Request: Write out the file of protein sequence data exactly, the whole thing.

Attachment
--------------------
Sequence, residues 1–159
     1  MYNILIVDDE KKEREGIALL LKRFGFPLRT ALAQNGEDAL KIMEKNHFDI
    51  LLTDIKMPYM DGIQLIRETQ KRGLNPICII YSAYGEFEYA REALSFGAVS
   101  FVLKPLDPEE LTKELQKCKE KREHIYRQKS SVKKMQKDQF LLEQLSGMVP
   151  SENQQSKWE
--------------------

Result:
Sequence, residues 1–159
     1  MYNILIVDDE KKEREGIALL LKRFGFPLRT ALAQNGEDAL KIMEKNHFDI
    51  LLTDIKMPYM DGIQLIRETQ KRGLNPICII YSAYGEFEYA REALSFGAVS
   101  FVLKPLDPEE LTKELQKCKE KREHIYRQKS SVKKMQKDQF LLEQLSGMVP
   151  SENQQSKWE